The pandemic of COVID-19, generating unprecedented disruptions in education, a source of fractures in social and digital, could undermine further the traditional left-to-account of education: the poor, girls, disabled persons, UNESCO emphasizes, Tuesday, on the occasion of the publication of a global report on education.
“The experiences of the past, such as with Ebola– have shown that the health crisis could leave a large number of people on the edge of the path, especially the poorest girls, many of whom may never return to school,” says the director of the united Nations Organization for education, science and culture, Audrey Azoulay, in the foreword to the report, entitled Inclusion and education–All of them, without exception.
Because everywhere, except in “high-income countries of Europe and North America, for every 100 young people among the richest, who are completing the second cycle of secondary education, they are only 18 and among the poorest young people to achieve it.” “In at least 20 countries, most of them located in sub-saharan Africa, virtually no young women in poor rural areas leads his secondary education at the end of their term,” states the global monitoring Report on education 2020 UNESCO.
By 2018, sub-saharan Africa housed the largest cohort of young people not in school, exceeding for the first time in central and South Asia: 19% of school age children, 37% at the college level, 58% of high school students potential.
In the world, nearly 260 million young people had no access to education or 17% of those of school age. And among the first to be excluded are the disadvantaged children, girls and girls, children with disabilities, those from ethnic and linguistic minorities, migrants…
Thus, “the 10 years old students of middle-income countries and high who received education in a language other than their mother tongue, generally score lower than 34% those of native speakers in tests of reading.”
Or again: “in ten low-and middle-income, children with disabilities were 19% less likely to reach a minimum level in reading than those who are not disabled”. But everywhere, the disability may be a barrier to inclusion, especially because of the “beliefs-discriminatory parent”: “about 15% of parents in Germany and 59% in Hong Kong fear that children with disabilities do not disrupt the learning of others”.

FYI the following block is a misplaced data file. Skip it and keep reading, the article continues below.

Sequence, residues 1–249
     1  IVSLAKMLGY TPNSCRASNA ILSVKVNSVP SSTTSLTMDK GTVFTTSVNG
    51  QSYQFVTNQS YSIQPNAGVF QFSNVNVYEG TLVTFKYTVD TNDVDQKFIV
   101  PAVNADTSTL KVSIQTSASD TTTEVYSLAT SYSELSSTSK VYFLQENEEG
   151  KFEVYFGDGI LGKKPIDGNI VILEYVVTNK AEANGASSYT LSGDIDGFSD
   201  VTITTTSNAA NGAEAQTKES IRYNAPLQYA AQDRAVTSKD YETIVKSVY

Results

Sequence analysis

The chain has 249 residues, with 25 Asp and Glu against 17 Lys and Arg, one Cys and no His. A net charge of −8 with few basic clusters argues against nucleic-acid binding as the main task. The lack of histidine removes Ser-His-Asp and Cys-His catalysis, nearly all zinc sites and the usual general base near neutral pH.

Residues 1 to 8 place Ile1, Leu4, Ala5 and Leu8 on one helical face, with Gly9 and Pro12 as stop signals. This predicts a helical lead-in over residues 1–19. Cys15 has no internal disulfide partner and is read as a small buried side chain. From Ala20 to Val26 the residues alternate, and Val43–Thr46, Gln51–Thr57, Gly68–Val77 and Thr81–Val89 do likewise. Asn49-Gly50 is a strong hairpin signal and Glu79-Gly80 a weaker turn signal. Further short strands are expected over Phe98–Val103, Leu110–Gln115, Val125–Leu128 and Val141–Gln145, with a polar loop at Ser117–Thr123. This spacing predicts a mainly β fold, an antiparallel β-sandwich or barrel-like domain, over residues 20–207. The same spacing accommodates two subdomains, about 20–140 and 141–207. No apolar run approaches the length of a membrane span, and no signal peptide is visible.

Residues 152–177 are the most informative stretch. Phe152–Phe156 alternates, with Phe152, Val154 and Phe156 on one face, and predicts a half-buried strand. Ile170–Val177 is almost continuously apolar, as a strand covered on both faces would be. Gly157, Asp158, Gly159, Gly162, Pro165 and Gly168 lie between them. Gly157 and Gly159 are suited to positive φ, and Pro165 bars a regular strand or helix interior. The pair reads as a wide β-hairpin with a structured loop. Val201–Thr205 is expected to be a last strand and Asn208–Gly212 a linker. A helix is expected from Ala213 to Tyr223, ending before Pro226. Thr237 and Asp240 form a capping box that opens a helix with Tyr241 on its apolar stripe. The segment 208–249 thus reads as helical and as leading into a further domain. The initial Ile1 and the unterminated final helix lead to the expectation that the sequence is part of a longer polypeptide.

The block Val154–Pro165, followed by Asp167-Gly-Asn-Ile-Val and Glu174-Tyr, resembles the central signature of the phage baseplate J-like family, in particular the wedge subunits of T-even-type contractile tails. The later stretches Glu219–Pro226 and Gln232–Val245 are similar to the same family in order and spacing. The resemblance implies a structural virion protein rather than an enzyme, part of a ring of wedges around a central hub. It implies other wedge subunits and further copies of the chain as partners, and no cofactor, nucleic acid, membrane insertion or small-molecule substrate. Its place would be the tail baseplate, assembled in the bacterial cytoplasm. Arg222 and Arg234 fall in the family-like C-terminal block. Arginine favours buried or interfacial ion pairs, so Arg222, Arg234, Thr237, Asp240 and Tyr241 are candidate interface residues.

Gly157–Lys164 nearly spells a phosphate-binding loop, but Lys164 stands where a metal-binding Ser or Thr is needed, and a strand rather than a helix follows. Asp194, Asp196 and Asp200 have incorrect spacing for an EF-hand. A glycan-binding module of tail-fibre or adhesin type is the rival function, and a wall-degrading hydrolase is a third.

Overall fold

And in the United States, “the students that sexual minorities were almost three times more likely to say that they had prefer to stay at home because they did not feel safe at school”.
The health crisis has more than ever highlighted these fractures: “The response to the crisis of the COVID-19, which has hit 1.6 billion learners, have not paid sufficient attention to the inclusion of all learners,” noted the authors of the report.
“While 55% of low-income countries have opted for the distance learning online in primary and secondary education, only 12% of households in the least developed countries have access to the internet at home. Even the approaches that do not require a low-technological means that can ensure the continuity of learning. Among the 20% of poorest households, only 7% have a radio in Ethiopia, and none of television”, cite as an example.
“Overall, about 40% of low-income countries and lower middle income have not been able to support learners at risk of exclusion”, they stress, without failing to point out the shortcomings of the rich countries : “in France, up to 8% of the students have lost contact with the teachers after three weeks of confinement”.
On these various findings, the report develops a series of recommendations for inclusive education, starting with proactive policies, because “many governments” have not yet implemented the principle of inclusion. UNESCO also considers it necessary targeted funding.